The controversy surrounding Netflix’s Cuties has drawn the scrutiny of two U.S. senators who are demanding that the streaming service explain why it released the movie, which depicts underage girls performing raunchy dance moves and simulated sexual acts.
In separate letters sent to Netflix on Friday, Sens. Mike Lee (R-UT) and Josh Hawley (R-MO) said the company’s decision to release the French movie raises questions about child safety and exploitation. Sen. Lee said that his staff is reviewing the film and the relevant laws to determine whether the movie should be referred to the U.S. Attorney General for an investigation.
“I understand this film contains a broader storyline,” Sen. Lee wrote. “However, the film’s sexualization of young girls—if not itself the sexual exploitation of the child actors–will certainly contribute to child sexual exploitation by others. At a minimum, it is certainly inappropriate and morally wrong to sexualize minors, regardless of whether the depiction is fictional.”
Sen. Lee asked Netflix co-CEO Reed Hastings to provide an “explanation on your views as to whether or not the potential exploitation of minors in this film constitutes criminal behavior.”
This exploitation of minors will not be tolerated.https://t.co/U5xNWnfRCC
— Mike Lee (@SenMikeLee) September 11, 2020
In his letter, Sen. Hawley asked Netflix to “immediately remove” Cuties from its streaming platform. He also sent the company seven questions about the movie’s release, including queries about the movie’s marketing campaign and how Netflix’s proprietary algorithm that makes personalized recommendations to viewers will treat the movie.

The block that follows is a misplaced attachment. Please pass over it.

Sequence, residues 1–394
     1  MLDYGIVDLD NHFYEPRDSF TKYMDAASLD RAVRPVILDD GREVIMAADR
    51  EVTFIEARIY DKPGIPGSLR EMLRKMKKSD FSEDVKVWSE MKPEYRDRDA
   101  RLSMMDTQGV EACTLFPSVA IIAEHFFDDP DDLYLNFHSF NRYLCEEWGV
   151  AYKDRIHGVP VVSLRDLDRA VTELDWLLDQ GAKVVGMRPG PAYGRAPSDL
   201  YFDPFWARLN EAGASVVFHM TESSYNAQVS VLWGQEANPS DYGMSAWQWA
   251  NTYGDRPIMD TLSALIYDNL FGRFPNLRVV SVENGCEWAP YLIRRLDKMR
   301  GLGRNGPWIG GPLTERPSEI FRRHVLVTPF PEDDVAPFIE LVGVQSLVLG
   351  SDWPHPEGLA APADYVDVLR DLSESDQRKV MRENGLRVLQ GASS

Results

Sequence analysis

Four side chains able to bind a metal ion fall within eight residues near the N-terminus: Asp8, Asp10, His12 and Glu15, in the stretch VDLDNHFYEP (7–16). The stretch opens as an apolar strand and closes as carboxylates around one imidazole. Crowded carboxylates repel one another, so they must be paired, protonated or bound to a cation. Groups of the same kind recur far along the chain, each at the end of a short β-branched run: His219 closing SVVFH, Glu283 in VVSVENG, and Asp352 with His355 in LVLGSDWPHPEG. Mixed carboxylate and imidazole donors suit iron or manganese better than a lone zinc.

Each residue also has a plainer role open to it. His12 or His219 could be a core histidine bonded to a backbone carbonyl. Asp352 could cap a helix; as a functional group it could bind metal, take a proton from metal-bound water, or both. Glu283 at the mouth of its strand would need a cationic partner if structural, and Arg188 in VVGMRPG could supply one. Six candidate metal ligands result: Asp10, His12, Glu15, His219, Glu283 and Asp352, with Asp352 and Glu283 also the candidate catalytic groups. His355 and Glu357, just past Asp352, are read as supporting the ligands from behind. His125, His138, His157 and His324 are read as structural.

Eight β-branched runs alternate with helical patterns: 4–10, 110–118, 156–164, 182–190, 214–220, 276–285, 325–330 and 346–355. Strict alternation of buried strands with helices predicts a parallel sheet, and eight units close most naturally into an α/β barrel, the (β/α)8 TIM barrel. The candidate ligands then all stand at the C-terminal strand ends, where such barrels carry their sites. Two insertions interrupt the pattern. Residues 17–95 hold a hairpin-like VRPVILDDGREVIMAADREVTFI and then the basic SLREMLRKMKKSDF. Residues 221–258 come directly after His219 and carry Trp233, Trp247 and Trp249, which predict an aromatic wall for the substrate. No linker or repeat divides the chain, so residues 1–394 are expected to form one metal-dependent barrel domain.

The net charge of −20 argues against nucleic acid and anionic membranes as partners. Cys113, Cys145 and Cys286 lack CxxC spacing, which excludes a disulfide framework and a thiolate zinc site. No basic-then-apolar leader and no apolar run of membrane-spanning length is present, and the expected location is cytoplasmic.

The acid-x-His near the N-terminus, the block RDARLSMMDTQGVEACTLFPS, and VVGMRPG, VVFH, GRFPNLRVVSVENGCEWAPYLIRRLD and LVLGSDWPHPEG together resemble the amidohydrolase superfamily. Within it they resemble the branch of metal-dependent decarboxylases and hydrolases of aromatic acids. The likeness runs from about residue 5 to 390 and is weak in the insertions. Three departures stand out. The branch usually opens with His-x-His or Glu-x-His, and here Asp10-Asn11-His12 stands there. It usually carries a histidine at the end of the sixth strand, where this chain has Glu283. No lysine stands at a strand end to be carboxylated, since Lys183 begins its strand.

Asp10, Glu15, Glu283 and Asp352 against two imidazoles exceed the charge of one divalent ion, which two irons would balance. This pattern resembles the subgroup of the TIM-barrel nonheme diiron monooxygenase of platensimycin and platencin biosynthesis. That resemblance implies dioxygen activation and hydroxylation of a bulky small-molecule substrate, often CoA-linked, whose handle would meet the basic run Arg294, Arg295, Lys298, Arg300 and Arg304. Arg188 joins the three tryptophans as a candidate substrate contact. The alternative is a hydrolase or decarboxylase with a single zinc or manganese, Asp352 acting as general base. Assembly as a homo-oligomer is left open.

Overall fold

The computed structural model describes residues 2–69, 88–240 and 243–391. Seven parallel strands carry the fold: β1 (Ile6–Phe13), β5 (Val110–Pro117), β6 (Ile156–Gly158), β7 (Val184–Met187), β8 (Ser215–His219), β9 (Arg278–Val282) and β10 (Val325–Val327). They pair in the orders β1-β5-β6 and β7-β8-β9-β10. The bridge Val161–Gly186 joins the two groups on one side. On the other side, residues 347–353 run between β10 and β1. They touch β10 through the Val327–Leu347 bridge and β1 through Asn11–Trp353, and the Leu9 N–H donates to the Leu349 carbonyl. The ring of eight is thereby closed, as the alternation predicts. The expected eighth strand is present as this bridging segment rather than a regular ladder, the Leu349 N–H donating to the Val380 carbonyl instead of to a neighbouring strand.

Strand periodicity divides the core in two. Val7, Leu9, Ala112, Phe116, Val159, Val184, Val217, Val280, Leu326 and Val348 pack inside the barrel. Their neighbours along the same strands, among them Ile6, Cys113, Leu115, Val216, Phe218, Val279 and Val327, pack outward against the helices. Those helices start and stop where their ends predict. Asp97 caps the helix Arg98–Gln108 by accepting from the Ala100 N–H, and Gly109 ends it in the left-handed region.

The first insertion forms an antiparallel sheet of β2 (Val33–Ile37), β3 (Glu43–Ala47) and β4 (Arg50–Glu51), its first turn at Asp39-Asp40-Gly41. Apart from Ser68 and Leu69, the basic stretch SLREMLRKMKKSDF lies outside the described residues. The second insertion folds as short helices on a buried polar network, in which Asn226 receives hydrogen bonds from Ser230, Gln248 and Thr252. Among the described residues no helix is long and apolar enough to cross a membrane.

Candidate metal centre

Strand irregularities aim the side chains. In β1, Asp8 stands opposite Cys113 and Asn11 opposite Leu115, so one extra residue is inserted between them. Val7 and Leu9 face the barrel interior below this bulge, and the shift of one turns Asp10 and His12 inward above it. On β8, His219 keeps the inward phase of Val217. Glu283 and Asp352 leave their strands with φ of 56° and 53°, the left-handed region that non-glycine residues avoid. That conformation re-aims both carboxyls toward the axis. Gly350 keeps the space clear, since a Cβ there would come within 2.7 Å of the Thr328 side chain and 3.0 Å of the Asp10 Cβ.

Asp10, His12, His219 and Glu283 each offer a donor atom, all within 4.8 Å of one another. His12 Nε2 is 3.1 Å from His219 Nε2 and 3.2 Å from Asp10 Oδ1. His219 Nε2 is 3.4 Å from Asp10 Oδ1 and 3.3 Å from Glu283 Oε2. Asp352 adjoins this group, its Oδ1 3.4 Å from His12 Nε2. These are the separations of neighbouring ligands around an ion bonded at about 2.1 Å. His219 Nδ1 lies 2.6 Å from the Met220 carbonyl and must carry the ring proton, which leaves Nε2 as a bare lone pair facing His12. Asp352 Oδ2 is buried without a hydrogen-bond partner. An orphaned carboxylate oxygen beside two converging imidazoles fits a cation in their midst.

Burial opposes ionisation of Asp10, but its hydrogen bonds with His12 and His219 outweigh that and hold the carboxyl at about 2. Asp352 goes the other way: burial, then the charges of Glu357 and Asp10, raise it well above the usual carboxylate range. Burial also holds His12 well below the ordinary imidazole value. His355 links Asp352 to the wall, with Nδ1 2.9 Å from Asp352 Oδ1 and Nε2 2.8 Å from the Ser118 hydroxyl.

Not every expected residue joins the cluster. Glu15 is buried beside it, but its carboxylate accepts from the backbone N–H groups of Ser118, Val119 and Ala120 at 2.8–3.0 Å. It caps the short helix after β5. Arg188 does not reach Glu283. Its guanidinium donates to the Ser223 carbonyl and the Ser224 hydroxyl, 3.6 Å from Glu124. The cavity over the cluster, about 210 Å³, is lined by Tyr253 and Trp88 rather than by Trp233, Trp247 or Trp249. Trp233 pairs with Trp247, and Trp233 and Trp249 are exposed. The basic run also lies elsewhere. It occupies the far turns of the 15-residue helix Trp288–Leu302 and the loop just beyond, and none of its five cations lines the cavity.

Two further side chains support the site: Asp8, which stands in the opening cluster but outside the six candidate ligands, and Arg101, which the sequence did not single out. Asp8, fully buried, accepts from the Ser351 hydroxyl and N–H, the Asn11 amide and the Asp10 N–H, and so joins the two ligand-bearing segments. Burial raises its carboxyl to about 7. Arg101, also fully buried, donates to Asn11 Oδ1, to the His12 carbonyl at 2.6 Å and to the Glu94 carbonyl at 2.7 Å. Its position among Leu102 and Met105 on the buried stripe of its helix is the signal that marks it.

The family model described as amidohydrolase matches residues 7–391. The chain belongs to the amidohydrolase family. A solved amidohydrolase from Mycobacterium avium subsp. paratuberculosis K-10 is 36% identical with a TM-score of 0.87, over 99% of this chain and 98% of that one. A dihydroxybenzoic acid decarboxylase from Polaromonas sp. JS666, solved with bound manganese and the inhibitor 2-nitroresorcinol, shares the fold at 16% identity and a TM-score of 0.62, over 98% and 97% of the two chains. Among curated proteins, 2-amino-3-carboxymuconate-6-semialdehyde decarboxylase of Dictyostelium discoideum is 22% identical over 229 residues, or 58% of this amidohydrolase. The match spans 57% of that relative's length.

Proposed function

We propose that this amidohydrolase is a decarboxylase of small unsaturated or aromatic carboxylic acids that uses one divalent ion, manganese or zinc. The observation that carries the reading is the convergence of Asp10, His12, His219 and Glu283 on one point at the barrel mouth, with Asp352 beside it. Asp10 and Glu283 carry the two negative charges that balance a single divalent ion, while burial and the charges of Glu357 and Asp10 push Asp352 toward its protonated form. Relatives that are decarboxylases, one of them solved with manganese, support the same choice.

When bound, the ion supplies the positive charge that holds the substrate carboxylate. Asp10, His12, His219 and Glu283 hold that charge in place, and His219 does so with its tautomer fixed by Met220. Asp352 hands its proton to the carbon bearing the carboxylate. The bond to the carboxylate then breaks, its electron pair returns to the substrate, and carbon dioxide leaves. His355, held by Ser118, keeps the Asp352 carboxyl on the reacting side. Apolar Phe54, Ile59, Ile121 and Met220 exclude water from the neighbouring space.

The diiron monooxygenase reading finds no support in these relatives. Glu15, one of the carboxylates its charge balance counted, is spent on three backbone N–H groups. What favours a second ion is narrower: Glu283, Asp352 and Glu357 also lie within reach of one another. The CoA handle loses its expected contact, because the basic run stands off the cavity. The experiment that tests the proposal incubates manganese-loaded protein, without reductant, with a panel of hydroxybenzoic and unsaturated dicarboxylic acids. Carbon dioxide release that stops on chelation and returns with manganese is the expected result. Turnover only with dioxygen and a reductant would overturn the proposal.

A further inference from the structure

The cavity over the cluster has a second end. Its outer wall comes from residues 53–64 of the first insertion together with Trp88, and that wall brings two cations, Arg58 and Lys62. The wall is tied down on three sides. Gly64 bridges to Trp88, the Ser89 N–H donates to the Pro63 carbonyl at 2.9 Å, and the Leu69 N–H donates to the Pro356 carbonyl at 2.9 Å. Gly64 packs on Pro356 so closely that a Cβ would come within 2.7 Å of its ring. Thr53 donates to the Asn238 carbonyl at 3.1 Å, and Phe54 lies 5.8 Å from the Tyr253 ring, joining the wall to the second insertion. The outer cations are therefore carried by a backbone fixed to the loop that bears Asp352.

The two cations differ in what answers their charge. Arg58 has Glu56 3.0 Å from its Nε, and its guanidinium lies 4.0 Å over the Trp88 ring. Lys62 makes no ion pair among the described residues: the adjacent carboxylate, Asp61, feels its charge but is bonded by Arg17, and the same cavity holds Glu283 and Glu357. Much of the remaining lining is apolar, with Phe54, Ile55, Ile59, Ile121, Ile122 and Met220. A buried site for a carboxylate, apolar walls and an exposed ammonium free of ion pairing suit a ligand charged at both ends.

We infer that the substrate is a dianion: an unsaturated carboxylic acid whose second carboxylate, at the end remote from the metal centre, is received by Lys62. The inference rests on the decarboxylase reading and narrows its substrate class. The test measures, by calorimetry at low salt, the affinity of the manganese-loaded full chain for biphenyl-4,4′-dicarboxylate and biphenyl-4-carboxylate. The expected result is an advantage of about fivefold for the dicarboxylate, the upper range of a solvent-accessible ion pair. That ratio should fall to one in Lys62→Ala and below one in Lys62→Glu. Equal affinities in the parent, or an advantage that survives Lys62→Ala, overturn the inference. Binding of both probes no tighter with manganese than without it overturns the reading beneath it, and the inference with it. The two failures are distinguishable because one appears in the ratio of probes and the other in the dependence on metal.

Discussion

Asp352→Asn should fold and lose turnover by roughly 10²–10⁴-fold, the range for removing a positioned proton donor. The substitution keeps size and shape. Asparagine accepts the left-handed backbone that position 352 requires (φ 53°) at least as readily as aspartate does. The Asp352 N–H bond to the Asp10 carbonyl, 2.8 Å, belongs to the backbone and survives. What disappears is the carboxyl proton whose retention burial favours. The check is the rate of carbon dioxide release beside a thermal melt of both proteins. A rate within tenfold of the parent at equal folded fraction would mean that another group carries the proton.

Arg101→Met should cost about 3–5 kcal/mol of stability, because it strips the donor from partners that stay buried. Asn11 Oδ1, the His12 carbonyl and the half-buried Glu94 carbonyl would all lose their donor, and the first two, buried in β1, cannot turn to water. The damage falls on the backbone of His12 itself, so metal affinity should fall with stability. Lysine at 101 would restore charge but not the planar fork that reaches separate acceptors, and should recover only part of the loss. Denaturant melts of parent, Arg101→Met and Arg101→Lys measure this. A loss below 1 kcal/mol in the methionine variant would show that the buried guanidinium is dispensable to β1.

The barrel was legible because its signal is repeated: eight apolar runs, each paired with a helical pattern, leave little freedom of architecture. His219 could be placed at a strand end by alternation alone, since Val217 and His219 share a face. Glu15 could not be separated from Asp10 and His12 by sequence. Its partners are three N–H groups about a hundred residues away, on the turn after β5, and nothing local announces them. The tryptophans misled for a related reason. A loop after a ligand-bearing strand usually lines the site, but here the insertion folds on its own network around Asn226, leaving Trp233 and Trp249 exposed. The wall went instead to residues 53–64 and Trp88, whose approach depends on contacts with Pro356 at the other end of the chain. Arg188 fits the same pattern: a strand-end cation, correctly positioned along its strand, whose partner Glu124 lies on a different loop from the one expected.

The senator noted that the original French movie poster depicts the young cast members throwing confetti in the street while Netflix’s poster features a shot of the underage girls performing the sexual dance sequence.
— Josh Hawley (@HawleyMO) September 11, 2020
Cuties (Mignonnes) tells the story of an 11-year-old French girl who attempts to rebel against her oppressive Senegalese Muslim family by joining a twerking troupe. The movie features an extended dance sequence in which the young girls perform a provocative dance number, complete with pelvic gyrations and suggestive touching of their crotches.
Netflix is standing behind Cuties, saying in a statement this week that the movie offers a “social commentary against the sexualization of young children.” The streamer acquired the movie in January after the French-language movie screened at the Sundance Film Festival, where it won a prize for directing.
Barack and Michelle Obama, who have a production deal with Netflix, has so far remained silent on the Cuties controversy, as has former Obama national security advisor Susan Rice, who sits on the company’s board of directors.